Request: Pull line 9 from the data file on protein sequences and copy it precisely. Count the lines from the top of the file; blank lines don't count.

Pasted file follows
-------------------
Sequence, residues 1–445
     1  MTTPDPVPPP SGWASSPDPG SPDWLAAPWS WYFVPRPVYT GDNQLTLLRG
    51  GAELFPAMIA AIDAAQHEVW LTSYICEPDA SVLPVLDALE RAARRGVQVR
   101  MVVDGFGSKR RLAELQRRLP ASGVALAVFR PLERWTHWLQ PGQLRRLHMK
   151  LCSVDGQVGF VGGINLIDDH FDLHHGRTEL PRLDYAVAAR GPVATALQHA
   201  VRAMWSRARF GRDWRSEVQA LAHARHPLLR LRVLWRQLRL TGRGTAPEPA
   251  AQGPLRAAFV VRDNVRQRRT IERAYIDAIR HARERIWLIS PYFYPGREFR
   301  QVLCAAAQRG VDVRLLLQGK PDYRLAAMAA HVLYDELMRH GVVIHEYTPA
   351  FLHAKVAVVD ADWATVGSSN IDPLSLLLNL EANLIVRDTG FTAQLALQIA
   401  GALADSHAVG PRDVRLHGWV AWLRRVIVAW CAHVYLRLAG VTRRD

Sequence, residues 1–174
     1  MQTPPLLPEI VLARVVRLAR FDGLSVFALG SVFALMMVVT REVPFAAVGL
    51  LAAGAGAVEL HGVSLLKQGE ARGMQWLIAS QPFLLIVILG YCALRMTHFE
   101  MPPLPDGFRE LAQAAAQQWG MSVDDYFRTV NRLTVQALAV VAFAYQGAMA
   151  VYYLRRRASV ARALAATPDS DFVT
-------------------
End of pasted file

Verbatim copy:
   351  FLHAKVAVVD ADWATVGSSN IDPLSLLLNL EANLIVRDTG FTAQLALQIA